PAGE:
Compared with artificial oases, it can be seen that there are many factors affecting natural oases in arid lands, with salt, evaporation, rainfall, magnesium ions, chloride ions and sodium ions accounting for the main influencing factors. q values are 36.9%, 26.27%, 25.96%, 24%, 22.72% and 20.26% respectively. Compared with artificial oases, there is no reservoir water supply in natural oases. As this area is located in arid lands and the edge of deserts, it is dry all the year round. Salt content and evaporation are the main factors influencing the growth trend of artificial oasis. The main reason why rainfall has not become the main factor is that the water supply source in artificial oasis areas is artificial reservoir water supply (Ye et al., 2010; Chen et al., 2004; Chen et al., 2009). However, the water supply of natural oasis mainly comes from rainfall and alkali drainage channels, so one of the main factors affecting the growth of natural oasis is rainfall, which also shows that this analysing model is very suitable for arid lands. However, magnesium ion, chloride ion and sodium ion, as the main other major influencing factors, can reflect the actual situation of the natural oasis region and also reflect the characteristics of the natural oasis region according to the relevant literature (Wang et al., 2017; Tokola, 2015).

In relation to salt content, magnesium ion can explain 24% of artificial oasis distribution. As shown in Figure 9, magnesium ion content is 0.97 g/kg at the maximum and 0.05 g/kg at the minimum. Magnesium is one of the essential elements for plant growth. It is not only a component of chlorophyll, but also an activator of various enzymes in plants. According to its required amount, magnesium, calcium, sulfur and silicon are collectively referred to as medium elements. In recent years, many scholars have even listed magnesium as the fourth most essential element of plants after n, p and k. This shows the importance of magnesium ion to natural plant growth. The second is chloride ion and sodium ion, which can explain 22.72% and 20.26% respectively. All other factors are below 20%, so we will not discuss them here.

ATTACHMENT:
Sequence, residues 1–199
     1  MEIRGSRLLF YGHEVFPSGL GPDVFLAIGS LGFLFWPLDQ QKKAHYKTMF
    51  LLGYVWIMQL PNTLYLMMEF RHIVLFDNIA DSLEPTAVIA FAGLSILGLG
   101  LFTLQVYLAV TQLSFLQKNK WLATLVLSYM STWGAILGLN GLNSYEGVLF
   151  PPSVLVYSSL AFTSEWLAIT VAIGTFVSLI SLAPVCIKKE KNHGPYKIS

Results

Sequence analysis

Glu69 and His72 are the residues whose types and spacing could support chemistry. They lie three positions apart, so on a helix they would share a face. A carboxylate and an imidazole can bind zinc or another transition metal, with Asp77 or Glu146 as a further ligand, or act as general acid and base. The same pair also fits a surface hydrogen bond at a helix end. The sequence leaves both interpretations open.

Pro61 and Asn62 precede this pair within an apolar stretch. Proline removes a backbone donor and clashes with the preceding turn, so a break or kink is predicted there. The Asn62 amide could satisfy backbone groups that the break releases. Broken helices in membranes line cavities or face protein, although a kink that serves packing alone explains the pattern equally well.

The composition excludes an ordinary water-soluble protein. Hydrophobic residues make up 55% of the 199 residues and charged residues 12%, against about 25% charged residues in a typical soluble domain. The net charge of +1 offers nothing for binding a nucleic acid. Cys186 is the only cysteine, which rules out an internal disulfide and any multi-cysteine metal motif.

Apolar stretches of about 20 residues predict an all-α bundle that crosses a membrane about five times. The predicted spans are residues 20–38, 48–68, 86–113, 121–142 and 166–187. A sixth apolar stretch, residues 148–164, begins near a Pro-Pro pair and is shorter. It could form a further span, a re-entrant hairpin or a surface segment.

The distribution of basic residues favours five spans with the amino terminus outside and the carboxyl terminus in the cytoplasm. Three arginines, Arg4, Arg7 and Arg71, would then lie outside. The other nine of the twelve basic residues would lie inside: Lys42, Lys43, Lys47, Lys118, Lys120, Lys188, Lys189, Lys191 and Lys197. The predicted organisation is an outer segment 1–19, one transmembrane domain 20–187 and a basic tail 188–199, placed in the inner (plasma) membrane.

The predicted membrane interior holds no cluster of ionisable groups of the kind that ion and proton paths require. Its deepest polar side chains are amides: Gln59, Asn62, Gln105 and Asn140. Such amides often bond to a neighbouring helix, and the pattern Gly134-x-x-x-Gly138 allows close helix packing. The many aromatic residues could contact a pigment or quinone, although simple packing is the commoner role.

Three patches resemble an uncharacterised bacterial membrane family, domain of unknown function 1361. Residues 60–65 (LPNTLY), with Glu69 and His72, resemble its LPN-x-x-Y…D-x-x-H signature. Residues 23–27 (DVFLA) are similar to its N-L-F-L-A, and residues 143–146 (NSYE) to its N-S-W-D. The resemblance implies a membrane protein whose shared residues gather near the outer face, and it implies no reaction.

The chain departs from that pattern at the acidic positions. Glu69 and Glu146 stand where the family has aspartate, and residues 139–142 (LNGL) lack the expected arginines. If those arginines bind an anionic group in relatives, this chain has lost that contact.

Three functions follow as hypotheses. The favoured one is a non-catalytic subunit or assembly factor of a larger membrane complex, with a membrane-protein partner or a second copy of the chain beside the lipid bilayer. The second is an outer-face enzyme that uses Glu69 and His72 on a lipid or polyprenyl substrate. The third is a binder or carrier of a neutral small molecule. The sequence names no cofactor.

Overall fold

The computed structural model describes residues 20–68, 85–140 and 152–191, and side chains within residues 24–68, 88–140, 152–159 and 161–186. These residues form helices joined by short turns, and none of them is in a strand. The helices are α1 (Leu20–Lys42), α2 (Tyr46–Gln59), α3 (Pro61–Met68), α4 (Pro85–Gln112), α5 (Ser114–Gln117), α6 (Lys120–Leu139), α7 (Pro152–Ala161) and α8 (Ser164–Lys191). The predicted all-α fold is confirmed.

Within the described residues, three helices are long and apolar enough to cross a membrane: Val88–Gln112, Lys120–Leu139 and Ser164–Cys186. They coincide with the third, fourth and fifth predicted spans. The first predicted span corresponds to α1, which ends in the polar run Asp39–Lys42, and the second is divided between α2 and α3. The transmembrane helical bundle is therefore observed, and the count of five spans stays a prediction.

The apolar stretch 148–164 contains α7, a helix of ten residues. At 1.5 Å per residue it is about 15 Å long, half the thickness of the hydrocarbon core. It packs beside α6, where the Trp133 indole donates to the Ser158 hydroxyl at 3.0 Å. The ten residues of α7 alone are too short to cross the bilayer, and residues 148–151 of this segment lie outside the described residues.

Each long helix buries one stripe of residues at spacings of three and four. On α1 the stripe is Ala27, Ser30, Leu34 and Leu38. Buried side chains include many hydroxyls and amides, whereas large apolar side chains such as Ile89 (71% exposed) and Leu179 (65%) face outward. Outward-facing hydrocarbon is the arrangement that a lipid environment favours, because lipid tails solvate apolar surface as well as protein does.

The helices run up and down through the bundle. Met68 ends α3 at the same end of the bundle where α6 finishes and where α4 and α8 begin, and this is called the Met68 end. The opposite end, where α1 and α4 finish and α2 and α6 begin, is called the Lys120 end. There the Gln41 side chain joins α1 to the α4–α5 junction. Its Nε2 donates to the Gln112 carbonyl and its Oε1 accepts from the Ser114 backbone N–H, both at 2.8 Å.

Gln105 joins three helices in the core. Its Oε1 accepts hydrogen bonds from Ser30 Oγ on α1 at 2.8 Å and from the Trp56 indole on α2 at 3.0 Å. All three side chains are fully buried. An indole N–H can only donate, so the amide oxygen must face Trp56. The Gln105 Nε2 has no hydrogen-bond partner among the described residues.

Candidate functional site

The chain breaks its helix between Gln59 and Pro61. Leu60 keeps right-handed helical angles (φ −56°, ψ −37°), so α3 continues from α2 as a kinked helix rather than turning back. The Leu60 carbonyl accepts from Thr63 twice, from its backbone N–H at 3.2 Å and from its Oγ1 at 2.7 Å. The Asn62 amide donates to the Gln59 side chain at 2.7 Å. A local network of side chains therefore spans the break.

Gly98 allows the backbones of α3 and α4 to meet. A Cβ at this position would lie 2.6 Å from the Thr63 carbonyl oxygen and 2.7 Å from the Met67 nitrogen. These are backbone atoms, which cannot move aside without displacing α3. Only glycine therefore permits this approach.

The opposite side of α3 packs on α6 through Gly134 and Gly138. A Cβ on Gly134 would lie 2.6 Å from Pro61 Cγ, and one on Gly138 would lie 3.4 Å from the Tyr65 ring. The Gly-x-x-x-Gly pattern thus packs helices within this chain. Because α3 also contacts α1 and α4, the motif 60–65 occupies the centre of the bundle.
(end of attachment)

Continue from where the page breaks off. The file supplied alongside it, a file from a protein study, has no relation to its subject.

5. Conclusions

This study explored the factors controlling the distribution of artificial oasis and inartificial oasis accumulation in arid lands using a geographical detector method and multiple data sources. The most important conclusions were as follows.

1) By using Deep Learning algorithm and Modified a three-band maximal gradient difference Algorithm (TGDVI) to extract artificial oasis and natural oasis respectively, the accuracy meets the requirements, which can offer the significant Reference to other places in arid area.

2) Geodetector provided evidence to explore the factors controlling the spatial patterns of the distribution of artificial oasis and inartificial oasis accumulation in arid lands.

3) The NDTG model can offer a complete vision to get the main factors controlling the spatial distribution of artificial oasis and inartificial oasis in arid area.

4) Through the analysis, the main factors affecting the artificial oasis area in arid lands are salinity and evaporation; the main factors affecting the desert oasis area in arid lands are salinity, evaporation, rainfall, magnesium ions, chloride ions and sodium ions.

Cite this paper: Wang, J. and Liu, H. (2020) A Systematical Model to Search for the Main Factors Controlling the Spatial Distribution of Artificial Oasis and Inartificial Oasis in the Arid Area. Journal of Geoscience and Environment Protection, 8, 255-275. doi: 10.4236/gep.2020.85017.